Transplanting any plant can cause a lot of stress, and it will take a while for the roots to settle into their new soil.

Be patient and keep your pruning cuts restricted to maintenance until you see some healthy new growth appearing.

Pruning Equipment

Every form of pruning has a few things in common: the small but essential list of equipment needed.

  • Ficus elastica gets its name because the sap contains natural latex, an allergen for many people. 
  • It may cause some degree of skin irritation on contact, even for those not allergic, and the sap can also cause a sticky mess.

For this reason, we strongly suggest that protective gloves are at the top of everyone’s list.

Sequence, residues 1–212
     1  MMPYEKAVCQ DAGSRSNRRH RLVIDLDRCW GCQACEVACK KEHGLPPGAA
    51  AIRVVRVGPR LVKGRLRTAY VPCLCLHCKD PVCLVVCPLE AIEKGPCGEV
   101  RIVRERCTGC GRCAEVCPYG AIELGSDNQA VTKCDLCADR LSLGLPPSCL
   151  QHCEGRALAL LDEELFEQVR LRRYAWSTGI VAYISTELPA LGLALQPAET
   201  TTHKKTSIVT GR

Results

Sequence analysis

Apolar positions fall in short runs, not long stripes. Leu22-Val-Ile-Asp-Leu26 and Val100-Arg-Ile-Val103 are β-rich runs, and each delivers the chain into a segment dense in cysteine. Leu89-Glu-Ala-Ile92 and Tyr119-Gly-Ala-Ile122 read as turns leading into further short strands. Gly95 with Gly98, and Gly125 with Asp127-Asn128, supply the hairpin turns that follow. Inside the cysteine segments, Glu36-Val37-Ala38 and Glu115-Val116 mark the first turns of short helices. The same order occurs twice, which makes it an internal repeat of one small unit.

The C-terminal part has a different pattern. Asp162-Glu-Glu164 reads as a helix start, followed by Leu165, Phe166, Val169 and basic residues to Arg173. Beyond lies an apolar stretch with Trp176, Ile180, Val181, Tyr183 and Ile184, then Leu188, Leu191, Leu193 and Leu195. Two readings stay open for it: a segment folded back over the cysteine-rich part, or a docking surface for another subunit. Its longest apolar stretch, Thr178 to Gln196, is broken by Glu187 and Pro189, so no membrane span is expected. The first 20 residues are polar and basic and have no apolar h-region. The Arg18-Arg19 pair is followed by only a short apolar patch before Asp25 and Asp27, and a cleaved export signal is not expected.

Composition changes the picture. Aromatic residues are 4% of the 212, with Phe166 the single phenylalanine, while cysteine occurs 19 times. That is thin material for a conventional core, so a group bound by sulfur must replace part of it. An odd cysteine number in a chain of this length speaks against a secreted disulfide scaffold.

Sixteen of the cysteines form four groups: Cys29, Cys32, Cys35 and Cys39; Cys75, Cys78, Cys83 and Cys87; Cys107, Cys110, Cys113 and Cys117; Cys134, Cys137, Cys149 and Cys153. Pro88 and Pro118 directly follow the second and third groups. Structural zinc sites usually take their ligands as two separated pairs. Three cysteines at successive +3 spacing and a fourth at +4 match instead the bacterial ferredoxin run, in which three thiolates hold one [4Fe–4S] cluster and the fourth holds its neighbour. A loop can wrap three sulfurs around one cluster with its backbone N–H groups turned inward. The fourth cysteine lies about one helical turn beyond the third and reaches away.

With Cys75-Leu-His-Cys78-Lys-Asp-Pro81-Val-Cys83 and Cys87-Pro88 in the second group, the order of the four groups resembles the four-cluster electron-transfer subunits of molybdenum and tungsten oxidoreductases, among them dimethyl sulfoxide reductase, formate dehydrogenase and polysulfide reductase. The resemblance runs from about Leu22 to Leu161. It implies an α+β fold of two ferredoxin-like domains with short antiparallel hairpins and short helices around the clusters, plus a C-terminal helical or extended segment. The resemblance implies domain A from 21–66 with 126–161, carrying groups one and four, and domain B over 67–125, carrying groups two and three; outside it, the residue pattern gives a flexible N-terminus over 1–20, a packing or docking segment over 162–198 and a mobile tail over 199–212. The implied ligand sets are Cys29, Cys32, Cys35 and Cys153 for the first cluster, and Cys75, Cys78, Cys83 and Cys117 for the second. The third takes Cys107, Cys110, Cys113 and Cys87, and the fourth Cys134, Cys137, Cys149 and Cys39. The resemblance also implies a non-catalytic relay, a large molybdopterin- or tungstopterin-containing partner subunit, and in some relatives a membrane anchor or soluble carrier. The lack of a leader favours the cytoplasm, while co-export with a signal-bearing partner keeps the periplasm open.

If you have a latex allergy, you may also wish to add long sleeves and possibly goggles to the gear list (the latter in case of splashing or accidental eye rubbing).

  • You will also want sharp, clean pruning shears and isopropyl alcohol. A sharp pair of pruning shears will help reduce the risk of splintering or damaging your rubber plant.
  • The alcohol will help ensure your shears remain sterile between cuts, significantly reducing the risk of spreading the disease if a portion of the plant harbors an unseen infection.

Will Your Plant Be A Tree Or Shrub?

This is where the real pruning adventure begins!

Take a good look at your Ficus and ask what it wants to be when it grows up.

Some may want to be mighty trees, striving to reach the towering 100′ feet height of their natively grown siblings, although a domestic rubber plant will generally top out at 13′ feet tall outdoors and around 8′ feet indoors.